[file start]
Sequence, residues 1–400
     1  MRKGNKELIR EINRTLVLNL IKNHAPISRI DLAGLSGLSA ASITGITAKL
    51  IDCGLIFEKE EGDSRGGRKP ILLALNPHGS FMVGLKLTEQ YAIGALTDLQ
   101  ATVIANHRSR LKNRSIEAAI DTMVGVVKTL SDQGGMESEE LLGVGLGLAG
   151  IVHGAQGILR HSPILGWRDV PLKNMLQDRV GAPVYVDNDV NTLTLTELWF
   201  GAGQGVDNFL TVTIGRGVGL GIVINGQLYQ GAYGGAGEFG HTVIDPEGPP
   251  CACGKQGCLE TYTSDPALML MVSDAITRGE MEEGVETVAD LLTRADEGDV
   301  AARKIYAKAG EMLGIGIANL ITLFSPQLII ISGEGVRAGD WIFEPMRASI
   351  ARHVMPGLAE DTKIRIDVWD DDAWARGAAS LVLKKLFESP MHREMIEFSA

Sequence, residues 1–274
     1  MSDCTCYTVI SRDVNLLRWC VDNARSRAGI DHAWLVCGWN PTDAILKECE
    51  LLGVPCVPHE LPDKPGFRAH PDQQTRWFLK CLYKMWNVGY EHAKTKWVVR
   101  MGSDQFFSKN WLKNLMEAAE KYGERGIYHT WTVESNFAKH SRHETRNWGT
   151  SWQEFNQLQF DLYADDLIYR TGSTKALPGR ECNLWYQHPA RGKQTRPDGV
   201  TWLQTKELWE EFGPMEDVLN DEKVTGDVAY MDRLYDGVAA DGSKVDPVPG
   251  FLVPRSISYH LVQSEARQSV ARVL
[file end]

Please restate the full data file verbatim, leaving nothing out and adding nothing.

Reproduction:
Sequence, residues 1–400
     1  MRKGNKELIR EINRTLVLNL IKNHAPISRI DLAGLSGLSA ASITGITAKL
    51  IDCGLIFEKE EGDSRGGRKP ILLALNPHGS FMVGLKLTEQ YAIGALTDLQ
   101  ATVIANHRSR LKNRSIEAAI DTMVGVVKTL SDQGGMESEE LLGVGLGLAG
   151  IVHGAQGILR HSPILGWRDV PLKNMLQDRV GAPVYVDNDV NTLTLTELWF
   201  GAGQGVDNFL TVTIGRGVGL GIVINGQLYQ GAYGGAGEFG HTVIDPEGPP
   251  CACGKQGCLE TYTSDPALML MVSDAITRGE MEEGVETVAD LLTRADEGDV
   301  AARKIYAKAG EMLGIGIANL ITLFSPQLII ISGEGVRAGD WIFEPMRASI
   351  ARHVMPGLAE DTKIRIDVWD DDAWARGAAS LVLKKLFESP MHREMIEFSA

Sequence, residues 1–274
     1  MSDCTCYTVI SRDVNLLRWC VDNARSRAGI DHAWLVCGWN PTDAILKECE
    51  LLGVPCVPHE LPDKPGFRAH PDQQTRWFLK CLYKMWNVGY EHAKTKWVVR
   101  MGSDQFFSKN WLKNLMEAAE KYGERGIYHT WTVESNFAKH SRHETRNWGT
   151  SWQEFNQLQF DLYADDLIYR TGSTKALPGR ECNLWYQHPA RGKQTRPDGV
   201  TWLQTKELWE EFGPMEDVLN DEKVTGDVAY MDRLYDGVAA DGSKVDPVPG
   251  FLVPRSISYH LVQSEARQSV ARVL